Okay, okay; it is reasonable to label Still Alice, a film about an intellectual experiencing early onset Alzheimer’s, as Oscar-bait. Make no mistake, however, Moore deserves her spot on that stage. Alice was one of those characters that could have easily wound up as a victim or, alternately, a Norma Rae tough-as-nails heroine; Moore is comfortable settling somewhere in between, adding the kind of authenticity so needed for such a woman. Alice could be your mom, your best friend, or You. Not a cautionary tale, Alice is simply a snapshot, a fully realized character with hopes that continue long after the credits roll. Moore’s portrayal haunted me for hours after I left my seat in the theatre, and frankly, for what more could you ask a performer? –Rachel


Pedro Pascal, Game of Thrones
[Spoilers ahoy!] If you had to choose only one actor from Thrones’s stacked deck for their contributions in 2014, who would it be? Peter Dinklage and Maisie Williams were their usual brilliant selves, and more than one other writer advocated for Charles Dance. But in the annals of television’s “one-season wonders,” Pedro Pascal’s Oberyn “The Red Viper” Martell will hold a special place. He swaggered into King’s Landing on a mission like a pansexual demigod, made a few enemies (and a few friends–watch his scene in Tyrion’s cell again for a master class in how to relay exposition), then went out in a blaze burst of blood-soaked near-glory. He was ferocious, he was irresistible, and he was doomed. –David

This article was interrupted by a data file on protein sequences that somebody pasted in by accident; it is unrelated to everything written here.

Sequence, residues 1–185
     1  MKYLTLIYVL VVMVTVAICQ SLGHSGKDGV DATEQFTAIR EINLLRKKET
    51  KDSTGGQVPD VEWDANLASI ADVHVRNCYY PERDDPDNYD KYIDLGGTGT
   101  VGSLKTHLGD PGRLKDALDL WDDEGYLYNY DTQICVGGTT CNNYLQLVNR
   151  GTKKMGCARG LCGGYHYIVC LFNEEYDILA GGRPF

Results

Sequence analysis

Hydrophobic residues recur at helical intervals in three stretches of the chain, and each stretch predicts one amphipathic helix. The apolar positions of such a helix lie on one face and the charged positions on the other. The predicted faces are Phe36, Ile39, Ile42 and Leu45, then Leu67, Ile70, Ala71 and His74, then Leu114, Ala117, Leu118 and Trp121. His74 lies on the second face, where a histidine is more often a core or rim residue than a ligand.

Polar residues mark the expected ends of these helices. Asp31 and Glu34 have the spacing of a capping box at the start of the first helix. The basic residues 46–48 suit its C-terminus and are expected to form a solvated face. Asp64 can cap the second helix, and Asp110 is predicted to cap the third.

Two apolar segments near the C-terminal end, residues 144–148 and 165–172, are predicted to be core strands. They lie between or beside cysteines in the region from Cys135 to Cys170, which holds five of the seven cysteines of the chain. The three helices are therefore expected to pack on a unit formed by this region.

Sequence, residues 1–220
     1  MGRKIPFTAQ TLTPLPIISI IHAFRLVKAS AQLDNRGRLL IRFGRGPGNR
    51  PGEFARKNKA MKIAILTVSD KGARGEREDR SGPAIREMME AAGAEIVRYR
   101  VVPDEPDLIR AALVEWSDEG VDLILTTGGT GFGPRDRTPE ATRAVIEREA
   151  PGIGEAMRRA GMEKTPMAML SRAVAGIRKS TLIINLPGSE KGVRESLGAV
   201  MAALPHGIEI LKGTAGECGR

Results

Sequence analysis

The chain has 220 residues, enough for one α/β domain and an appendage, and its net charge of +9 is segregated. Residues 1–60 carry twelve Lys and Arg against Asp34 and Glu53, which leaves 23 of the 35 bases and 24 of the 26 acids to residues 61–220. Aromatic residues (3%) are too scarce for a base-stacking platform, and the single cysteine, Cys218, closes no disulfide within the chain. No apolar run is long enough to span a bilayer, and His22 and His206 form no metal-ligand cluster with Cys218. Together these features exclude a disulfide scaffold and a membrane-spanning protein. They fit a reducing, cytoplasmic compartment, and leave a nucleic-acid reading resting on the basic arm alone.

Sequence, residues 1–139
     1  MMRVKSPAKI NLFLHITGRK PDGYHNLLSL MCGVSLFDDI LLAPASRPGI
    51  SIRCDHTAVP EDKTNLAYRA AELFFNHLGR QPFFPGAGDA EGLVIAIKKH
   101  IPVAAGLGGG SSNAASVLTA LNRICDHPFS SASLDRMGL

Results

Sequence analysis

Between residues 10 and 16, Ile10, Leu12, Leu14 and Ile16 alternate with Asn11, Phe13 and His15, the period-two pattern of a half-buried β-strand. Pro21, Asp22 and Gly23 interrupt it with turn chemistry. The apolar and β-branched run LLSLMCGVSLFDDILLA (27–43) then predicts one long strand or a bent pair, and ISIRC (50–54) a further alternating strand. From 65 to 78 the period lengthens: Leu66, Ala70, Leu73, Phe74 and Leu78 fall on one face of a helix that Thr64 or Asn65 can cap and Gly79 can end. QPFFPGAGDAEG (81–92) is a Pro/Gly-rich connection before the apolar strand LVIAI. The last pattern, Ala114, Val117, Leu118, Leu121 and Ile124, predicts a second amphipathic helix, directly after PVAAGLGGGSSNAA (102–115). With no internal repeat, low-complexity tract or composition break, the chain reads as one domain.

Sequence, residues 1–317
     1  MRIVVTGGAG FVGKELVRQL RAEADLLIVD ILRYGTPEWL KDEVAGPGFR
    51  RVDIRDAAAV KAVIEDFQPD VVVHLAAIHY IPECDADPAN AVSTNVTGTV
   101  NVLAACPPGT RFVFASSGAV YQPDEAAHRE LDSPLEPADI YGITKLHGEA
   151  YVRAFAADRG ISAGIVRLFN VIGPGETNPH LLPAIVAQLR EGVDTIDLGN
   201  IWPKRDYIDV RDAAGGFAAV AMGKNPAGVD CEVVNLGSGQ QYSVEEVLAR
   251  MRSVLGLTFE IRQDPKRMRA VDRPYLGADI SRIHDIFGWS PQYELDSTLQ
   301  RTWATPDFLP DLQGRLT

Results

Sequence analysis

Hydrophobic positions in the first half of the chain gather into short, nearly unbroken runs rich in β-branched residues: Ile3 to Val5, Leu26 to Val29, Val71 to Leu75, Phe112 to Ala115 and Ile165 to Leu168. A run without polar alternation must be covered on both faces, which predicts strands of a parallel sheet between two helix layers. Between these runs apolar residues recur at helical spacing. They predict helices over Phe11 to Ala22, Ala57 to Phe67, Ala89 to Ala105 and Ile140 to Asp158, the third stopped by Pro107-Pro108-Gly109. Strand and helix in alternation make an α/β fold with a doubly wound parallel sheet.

Rosamund Pike, Gone Girl
In a world of Kardashian-inspired nasal vocals, Rosamund Pike’s dark, sultry voice is a revelation. It slaps your sense of expectation, letting you know that Amy Dunne isn’t your average Midwestern housewife. Pike really plays two roles in Gone Girl, one part sugar-coated dream-girl “Amazing Amy,” and the other as a brilliant, duplicitous femme fatale. Pike’s ability to play two sides of the same coin is a throwback to the days of film noir, and it’s amazingly effortless. It takes a special performance to steal a film away from the likes of Ben Affleck, Neil Patrick Harris, and Tyler Perry, but Pike is the one you’ll be talking about when you leave the theater – if your jaw isn’t stuck to the floor. —Chase